According to ESPN’s Jeremy Fowler, the Minnesota Vikings have begun exploring options to trade disgruntled edge rusher Danielle Hunter, who held out of spring practice and has “held in” during training camp.
Hunter reported to Vikings training camp on Tuesday but has not participated in any practices. He has had his contract restructured twice in recent years.
The Minnesota Vikings Offered an Extension to Danielle Hunter
Hunter has been in a dispute with the Vikings over his contract, which pays him $4.9 million in base salary this year and could pay out as much as $5.5 million because of per-game roster bonuses.
Since signing an extension with the Vikings in 2018, Hunter has been consistently paid less than his production has warranted. He doesn’t have much money guaranteed, with roster bonuses composing a small chunk of his expected payout instead of a more secure guaranteed salary or roster bonus paid out all at once at the beginning of the season.
According to Fowler, the Vikings have offered at least one extension to Hunter, but he had turned that extension down because he didn’t feel like it reflected his skills.
The Vikings Seemed Confident in Resolving the Danielle Hunter Situation
This new report runs counter to the tenor of the conversation that the Vikings had put forth since players began reporting to camp on Tuesday. While general manager Kwesi Adofo-Mensah did say that the conversations with Hunter are “ongoing,” he also added that he was “really excited to see him” when asked if he was confident Hunter would be part of the team.
Head coach Kevin O’Connell seemed more confident in the past several days than he had been during spring practices, adding that they’ll be moving forward “with a positive mindset that hopefully Danielle Hunter is playing every single game for us this year.” O’Connell also said, “We also want to make sure Danielle feels 100 percent comfortable and is excited about that.”
Defensive coordinator Brian Flores mentioned that he had several conversations with Hunter in the offseason, including one on Tuesday, when Hunter reported to camp, saying, “I’m excited to work with him.”
The Vikings Have Remained Confident About Resolving the Situation
After the Fowler report came out, O’Connell spoke about the situation with Hunter in an already scheduled press availability. “I’m having daily dialogue personally with [Hunter],” he said. “Danielle has played a lot of football. He’ll be ready to go, but my hope is that we can work towards him being out on the practice field with us sooner rather than later.”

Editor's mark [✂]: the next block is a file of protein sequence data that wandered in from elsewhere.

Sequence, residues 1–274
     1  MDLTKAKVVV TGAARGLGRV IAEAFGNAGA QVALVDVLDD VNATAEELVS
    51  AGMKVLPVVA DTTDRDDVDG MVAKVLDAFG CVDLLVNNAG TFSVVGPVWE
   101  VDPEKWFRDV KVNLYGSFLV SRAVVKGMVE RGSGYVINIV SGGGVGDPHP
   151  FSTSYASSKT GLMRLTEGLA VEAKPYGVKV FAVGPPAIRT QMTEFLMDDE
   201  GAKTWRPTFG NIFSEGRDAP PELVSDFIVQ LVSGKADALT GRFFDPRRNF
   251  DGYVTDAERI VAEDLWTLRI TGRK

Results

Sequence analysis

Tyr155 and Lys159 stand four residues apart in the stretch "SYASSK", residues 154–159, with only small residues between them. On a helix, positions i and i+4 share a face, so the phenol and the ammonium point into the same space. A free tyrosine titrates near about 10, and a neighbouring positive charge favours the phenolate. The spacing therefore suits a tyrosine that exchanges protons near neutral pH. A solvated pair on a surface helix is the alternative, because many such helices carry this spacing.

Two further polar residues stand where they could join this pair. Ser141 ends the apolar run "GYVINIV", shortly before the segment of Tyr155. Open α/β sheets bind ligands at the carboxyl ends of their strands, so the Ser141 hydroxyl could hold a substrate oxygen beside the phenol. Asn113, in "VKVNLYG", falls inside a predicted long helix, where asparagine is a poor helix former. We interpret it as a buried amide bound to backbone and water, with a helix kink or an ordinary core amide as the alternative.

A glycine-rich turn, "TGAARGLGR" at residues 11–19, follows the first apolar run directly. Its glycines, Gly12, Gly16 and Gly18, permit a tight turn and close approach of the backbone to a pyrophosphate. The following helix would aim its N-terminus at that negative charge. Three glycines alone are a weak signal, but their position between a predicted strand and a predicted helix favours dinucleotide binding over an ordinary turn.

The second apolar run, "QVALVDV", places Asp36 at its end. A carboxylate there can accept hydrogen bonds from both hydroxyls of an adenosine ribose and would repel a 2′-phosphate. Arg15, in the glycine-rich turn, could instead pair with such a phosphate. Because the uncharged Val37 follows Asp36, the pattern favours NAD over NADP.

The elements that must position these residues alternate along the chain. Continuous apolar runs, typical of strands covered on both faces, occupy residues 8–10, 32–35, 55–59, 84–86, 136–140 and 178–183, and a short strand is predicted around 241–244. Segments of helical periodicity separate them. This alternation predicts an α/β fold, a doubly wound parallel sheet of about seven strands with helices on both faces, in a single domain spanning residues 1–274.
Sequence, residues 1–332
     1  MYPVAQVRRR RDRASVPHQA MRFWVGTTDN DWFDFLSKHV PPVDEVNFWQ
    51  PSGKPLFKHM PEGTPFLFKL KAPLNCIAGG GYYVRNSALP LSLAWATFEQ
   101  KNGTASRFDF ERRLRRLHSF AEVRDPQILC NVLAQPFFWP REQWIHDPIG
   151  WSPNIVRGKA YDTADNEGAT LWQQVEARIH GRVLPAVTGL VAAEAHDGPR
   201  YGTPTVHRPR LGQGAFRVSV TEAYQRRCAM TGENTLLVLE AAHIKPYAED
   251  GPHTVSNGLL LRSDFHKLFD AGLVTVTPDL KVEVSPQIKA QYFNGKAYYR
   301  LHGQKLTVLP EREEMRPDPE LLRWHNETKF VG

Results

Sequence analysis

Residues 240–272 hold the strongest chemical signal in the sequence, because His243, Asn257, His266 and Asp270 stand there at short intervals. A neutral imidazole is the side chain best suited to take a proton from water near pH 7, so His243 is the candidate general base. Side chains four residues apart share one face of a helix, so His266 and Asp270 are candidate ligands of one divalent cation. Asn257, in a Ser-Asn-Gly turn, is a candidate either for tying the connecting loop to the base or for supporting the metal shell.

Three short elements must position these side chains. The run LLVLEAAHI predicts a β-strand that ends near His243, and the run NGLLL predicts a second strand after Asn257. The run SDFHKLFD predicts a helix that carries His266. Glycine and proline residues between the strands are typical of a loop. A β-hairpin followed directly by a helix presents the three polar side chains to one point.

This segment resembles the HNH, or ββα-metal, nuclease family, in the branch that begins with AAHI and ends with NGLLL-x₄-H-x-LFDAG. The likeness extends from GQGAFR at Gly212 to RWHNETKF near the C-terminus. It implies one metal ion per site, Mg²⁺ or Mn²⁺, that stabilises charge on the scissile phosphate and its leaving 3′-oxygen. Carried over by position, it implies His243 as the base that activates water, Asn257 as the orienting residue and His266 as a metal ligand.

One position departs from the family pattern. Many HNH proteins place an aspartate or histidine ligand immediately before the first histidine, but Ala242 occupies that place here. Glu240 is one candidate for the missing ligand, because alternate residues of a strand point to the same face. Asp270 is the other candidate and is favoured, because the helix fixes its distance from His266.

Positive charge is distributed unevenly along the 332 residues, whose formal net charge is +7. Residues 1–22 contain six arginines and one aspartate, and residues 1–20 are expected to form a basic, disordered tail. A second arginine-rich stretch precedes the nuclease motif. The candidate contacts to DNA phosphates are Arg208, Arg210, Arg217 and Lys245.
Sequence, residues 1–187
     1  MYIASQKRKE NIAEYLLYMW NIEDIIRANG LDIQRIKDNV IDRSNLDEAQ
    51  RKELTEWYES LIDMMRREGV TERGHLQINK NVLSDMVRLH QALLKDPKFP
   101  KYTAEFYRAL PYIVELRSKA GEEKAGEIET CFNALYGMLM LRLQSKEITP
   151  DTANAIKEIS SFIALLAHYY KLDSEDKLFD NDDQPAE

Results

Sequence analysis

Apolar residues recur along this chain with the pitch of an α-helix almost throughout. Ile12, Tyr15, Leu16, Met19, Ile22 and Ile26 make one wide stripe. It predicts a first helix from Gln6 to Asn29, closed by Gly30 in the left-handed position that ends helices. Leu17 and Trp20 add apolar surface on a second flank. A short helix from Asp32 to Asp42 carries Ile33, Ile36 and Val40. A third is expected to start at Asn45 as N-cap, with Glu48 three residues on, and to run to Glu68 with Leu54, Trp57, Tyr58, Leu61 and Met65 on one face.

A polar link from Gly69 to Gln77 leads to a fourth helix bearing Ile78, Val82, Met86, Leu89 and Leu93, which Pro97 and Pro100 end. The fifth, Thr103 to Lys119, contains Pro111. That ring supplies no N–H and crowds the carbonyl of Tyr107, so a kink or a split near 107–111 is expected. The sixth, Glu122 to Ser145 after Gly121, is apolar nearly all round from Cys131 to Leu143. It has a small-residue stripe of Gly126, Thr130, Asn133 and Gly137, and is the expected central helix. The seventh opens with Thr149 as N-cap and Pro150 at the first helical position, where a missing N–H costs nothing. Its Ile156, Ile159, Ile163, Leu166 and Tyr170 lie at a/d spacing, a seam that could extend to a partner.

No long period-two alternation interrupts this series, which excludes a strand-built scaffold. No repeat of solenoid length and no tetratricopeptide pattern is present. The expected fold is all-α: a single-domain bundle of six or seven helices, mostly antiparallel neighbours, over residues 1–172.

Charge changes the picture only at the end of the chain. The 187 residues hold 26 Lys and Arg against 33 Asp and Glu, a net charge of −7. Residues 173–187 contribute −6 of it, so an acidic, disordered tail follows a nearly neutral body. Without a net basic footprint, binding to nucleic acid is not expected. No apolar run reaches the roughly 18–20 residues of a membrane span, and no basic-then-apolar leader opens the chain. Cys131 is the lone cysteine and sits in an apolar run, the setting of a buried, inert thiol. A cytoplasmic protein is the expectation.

As for the content of those conversations, O’Connell was vague but spoke to keeping Hunter prepared for the season. “Part of the daily dialogue between him and I [is] making sure that whether it’s physical, or above the neck, just trying to get himself prepared as things we continue to kind of work towards that positive outcome, positive solution.”
When asked directly if the contract dispute was why Hunter hasn’t taken the field, O’Connell again spoke in broader terms. “I think there’s a lot of aspects of it when you really start communicating with the player,” he said to the question. “A lot goes into it. Like I said, the day-to-day communication is the most important thing for me and he’s been great about that.”
He wasn’t asked directly about a trade, but he did say “Having him hopefully in 99 in purple would be my choice.”
Danielle Hunter Has Performed at a High Level Since Signing
Since signing his contract, Hunter ranks eighth among edge rushers with at least 1,500 pass-rushing snaps in pressure rate and seventh in pressures per game. Complicating matters are the fact that he missed the 2020 season entirely due to a neck injury and part of the 2021 season because of another injury.
That’s why he ranks 15th among edge rushers in total pressures over that span. It might be one reason why he’s seeking guarantees while the Vikings are looking for the opposite.
In total cash, Hunter has earned the eighth-most among edge rushers since his 2018 contract, though there is a sizable difference between his cash total and those in the top five. Fifth-ranked Cameron Jordan made $10 million more, and third-ranked Chandler Jones brought in $19 million more.
When including 2024 cash, Hunter drops to 14th, which provides a little bit more context, given that he has had his contract restructured twice to push cap space into 2024 while theoretically paying him more up front. Those restructures have also been a sore spot for the edge rusher.
The Options for the Vikings at Edge Rusher Are Thin
Should the Vikings trade Hunter, Marcus Davenport would be the only edge rusher on the roster with more than 17 games of starting experience. D.J. Wonnum, who has started exactly 17 games, would be the next-most experienced edge rusher on the roster and would likely replace Hunter.
They did not add any players in the draft but do have other young pass rushers, like Pat Jones II and undrafted rookie Andre Carter II.
Yannick Ngakoue, Jadeveon Clowney, and Trey Flowers are all available in free agency. That would give the Vikings some options if they traded Hunter away but also makes a trade slightly more difficult — any team interested in Hunter would have to weigh their willingness to give up assets instead of just signing one of the edge rushers available in free agency.